Minister of Foreign Affairs Tien Hung-mao (
The list specifies countries which are seen as a threat to US national security in areas such as terrorism, nuclear proliferation and espionage.
According to The Washington Times, Taiwan was placed last among the 13 nations designated as a threat to US national security, including Russia, China, North Korea, Yugoslavia, Serbian-controlled Bosnia, Vietnam, Syria, Iraq, Iran, Libya and Sudan.
In a press statement, the foreign ministry called Washington's action "surprising and regrettable" and demanded the US government explain the decision.
The foreign ministry said that no concrete evidence of wrongdoing had been provided by Washington.
The foreign ministry's statement denied Taiwan's representative offices or overseas staff had ever engaged "in any illegal intelligence activities."
"As Taiwan reaches a new level of democratization, we hope the US will value the longstanding friendly relations between the two sides and strengthen bilateral cooperation under the guidelines of the Taiwan Relations Act."
"Taiwan is a democratic country; we are different from the other states listed," Tien told reporters yesterday.
Tien said it was "unthinkable" for Taiwan to engage in the kind of terrorist activities covered by the FBI list.
Asked whether he has a response to the foreign ministry's statement, Raymond Burghardt, director of the American Institute in Taiwan (AIT) declined to comment and told the Taipei Times "it's Washington, not us."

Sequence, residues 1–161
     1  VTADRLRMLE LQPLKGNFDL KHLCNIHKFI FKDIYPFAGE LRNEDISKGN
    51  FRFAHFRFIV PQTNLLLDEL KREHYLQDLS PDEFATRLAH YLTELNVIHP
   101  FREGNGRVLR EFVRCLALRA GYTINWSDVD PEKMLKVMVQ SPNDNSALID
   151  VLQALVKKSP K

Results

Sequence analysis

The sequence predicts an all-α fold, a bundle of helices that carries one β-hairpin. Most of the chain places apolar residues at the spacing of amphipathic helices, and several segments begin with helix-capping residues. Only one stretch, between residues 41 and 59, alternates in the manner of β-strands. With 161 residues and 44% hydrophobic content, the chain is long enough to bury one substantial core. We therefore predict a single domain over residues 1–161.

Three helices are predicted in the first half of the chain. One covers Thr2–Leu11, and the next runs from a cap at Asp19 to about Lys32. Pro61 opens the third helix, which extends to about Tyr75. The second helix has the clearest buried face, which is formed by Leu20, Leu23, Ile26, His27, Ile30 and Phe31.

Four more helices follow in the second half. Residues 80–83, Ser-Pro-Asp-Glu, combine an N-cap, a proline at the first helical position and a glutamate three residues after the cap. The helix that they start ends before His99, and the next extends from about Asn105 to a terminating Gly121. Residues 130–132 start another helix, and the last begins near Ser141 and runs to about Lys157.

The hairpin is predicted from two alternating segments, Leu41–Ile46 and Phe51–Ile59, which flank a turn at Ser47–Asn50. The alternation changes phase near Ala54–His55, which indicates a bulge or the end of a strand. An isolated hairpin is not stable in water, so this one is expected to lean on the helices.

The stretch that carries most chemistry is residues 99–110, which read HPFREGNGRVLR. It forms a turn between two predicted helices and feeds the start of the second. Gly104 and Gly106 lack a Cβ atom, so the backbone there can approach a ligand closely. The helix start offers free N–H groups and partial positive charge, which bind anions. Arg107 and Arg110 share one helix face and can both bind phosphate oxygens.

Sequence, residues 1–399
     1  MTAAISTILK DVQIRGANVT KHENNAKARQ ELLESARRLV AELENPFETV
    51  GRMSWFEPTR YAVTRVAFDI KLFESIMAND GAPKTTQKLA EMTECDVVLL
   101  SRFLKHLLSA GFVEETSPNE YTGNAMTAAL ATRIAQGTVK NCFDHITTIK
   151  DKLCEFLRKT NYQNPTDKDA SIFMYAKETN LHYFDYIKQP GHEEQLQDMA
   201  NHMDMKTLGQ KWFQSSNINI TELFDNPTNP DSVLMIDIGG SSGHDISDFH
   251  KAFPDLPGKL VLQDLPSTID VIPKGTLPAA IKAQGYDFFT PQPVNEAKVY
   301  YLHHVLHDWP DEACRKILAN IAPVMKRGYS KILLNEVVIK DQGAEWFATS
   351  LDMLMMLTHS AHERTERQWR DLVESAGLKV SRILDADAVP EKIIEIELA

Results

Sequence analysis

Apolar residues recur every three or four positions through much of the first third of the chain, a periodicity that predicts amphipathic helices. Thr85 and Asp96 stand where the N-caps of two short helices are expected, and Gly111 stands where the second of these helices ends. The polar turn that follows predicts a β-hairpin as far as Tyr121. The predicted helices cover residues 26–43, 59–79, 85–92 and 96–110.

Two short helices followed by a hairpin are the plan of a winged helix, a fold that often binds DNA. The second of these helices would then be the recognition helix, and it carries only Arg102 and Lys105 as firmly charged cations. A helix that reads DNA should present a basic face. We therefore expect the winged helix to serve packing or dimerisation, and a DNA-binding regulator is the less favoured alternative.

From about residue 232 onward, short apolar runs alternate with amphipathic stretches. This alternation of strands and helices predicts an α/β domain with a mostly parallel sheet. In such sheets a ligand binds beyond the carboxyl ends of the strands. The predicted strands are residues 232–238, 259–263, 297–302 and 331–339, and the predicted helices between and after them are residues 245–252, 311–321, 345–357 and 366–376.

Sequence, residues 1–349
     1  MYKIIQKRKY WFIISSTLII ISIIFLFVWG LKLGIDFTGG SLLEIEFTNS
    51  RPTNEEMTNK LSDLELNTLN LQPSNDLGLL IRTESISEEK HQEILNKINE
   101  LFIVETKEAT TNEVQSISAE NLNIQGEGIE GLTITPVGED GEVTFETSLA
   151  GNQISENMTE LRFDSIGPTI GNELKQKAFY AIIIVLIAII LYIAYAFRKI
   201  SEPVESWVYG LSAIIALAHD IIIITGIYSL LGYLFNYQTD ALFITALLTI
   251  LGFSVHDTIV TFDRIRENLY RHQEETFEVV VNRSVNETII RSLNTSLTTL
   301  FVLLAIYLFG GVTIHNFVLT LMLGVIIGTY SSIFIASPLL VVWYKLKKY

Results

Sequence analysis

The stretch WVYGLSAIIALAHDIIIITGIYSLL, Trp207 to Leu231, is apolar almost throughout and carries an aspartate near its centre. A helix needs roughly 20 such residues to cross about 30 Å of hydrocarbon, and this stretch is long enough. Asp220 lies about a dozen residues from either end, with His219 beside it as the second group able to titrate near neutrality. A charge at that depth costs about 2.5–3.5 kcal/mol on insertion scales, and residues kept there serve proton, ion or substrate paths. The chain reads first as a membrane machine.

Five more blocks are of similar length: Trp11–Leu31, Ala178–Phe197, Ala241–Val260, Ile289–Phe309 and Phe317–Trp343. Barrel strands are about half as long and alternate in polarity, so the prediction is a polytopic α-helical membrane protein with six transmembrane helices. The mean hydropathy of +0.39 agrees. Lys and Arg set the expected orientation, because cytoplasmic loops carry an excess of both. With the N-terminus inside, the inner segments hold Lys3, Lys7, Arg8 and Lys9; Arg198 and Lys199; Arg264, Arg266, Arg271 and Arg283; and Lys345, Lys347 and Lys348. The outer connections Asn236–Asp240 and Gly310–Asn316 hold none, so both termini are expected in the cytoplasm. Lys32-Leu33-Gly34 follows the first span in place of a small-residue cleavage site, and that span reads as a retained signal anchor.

"Check your files, this story is not anything new," Burghardt said.
AIT spokeswoman Susan Stahl said: "We have no comment. AIT's policy is not to discuss intelligence matters."
White House foreign affairs spokesman P.J. Crowley also refused to comment, the Central News Agency reported from Washington yesterday.
Deputy Minister of Foreign Affairs David Lee (
Foreign ministry officials said although Taiwan "may have" been blacklisted for economic espionage in the past, this is the first time Taiwan has been grouped under the category of national security threats.
"We have checked the records in the past few years and there is no indication that we have been placed on such a list," said one official in the foreign ministry's Department of North American Affairs.
The Washington Times report indirectly pointed to the Clinton administration's pro-Beijing stance as the reason for blacklisting Taiwan.
AIT officials dismissed these speculations as "purely domestic US politics."
Arizona Senator Kon Kyl questioned the report saying: "It's very strange to me that Taiwan would be on this list, especially since other countries that spy on us are not."
Lawmakers on the Legislative Yuan's Foreign Affairs Committee were also outraged by Taiwan's inclusion on the FBI's list and said they will also meet with officials at the National Security Bureau and AIT to get to the bottom of the matter.
"We are shocked," said DPP legislator Hong Chi-chang (
Chen Chien-jen (
"I cannot understand why Taiwan should be on the list," Chen said.
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